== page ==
Aaron Cross: Jeremy Renner
Dr. Marta Shearing: Rachel Weisz
Col. Eric Byer: Edward Norton
Universal presents a film directed by Tony Gilroy. Written by Tony Gilroy and Dan Gilroy, based on the novels by Robert Ludlum. Running time. 135 minutes. Rated PG-13 (for violence and action sequences).
How do you keep a franchise running strong after the star and the director of the last two films close the book on a potential return? You could go the reboot route which seems to be the flavor of the year, or you could take the franchise in another direction and tell a story set within in the same world. I commend Universal Pictures for choosing the latter, but they almost messed up a good thing with too much clutter, an uninspired plot, and a talky first half that doesn’t deliver the fast paced action we’ve come to expect from a franchise built on speed and smarts. Aaron Cross can handle himself in a fight, but he’s no Jason Bourne.
So here’s the deal. Taking place as the events of THE BOURNE ULTIMATUM are happening, THE BOURNE LEGACY stars Jeremy Renner as Aaron Cross who we first meet in the snowy mountains of Alaska on a training exercise, fighting wolfs and popping pills that make him smarter, faster, and stronger than the those wimps in Treadstone and Blackbrier. Cross works for Operation: Outcome and becomes a threat when his program is quickly shutdown after Jason Bourne is exposed. A shutdown program means a shutdown drug supply and that’s when Cross goes all LESS THAN ZERO and does what he has to do to maintain his supply which for Rachel Weisz means being kidnapped (more or less) by the super human. Like the other films in the series there is a large cast of character actors who take turns looking concerned and barking orders including Edward Norton (who looks bored), Stacy Keach (who looks like he just got up from a nap) with David Stratharain, Joan Allen, Scott Glenn, and Albert Finney returning to the series for another round.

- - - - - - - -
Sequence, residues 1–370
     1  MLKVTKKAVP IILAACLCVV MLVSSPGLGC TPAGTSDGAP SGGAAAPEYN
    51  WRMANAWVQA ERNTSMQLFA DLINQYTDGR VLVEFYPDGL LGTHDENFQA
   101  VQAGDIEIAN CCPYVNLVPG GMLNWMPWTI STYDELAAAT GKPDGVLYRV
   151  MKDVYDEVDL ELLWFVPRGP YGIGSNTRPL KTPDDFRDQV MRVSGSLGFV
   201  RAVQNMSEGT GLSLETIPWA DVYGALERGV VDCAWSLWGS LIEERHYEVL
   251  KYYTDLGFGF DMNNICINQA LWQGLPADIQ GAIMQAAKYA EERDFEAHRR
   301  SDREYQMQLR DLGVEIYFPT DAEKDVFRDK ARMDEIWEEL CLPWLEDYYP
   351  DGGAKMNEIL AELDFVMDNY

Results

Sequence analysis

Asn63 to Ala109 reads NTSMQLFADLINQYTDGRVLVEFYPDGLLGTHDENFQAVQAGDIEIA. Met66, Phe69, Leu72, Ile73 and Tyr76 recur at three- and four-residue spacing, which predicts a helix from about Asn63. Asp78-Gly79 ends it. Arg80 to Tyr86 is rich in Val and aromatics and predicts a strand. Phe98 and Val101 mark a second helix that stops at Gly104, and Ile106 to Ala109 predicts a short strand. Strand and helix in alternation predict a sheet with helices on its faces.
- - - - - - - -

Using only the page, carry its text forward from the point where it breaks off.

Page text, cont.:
Jason Bourne didn’t need drugs to do what he did. Sure he needed a good brain washing but he was organic. He was a product of an incredibly intense, slightly corrupt, government training program, but he wasn’t a junkie. He was very human and once awake, very lost. We connected with Bourne and wanted to know where he came from and how he got to where he was. With Renner’s Cross, he feels artificial. They have made him more or less like Wolverine, a fast healing, nearly invincible badass, which is fine but if there isn’t a compelling human component to his story then why should we follow him? Why should we invest ourselves? What’s the emotional stake? Weisz doesn’t help, she just rattles off scientific jargon that seems to be there only to remind us how smart that character is, so what are we left with? This is a film in the Bourne universe so we are left with action, and fortunately the final act of this film is loaded with several effective chase scenes that are very well constructed unlike the fight scenes which employ the same quick cuts present in THE BOURNE IDENTITY which I find to be a bit too chaotic.
Tony Gilroy, who wrote or co-wrote the previous three films, takes over directing duties as well this time, and it’s clear that he is attempting to change the flow of the film and highlight characters rather than set pieces. It’s a move I appreciate but I think it is going to be a tough sell for fans that’ve come to expect a certain level excitement in the brand. Gilroy, however, doesn’t recognize this until the end of the film. Renner is a great actor and he’s good in the role as Cross which makes THE BOURNE LEGACY okay as a standalone film despite its problems. Next time however, it should remember whose name is in the title.
SEE YOU ON FORTY DEUCE,
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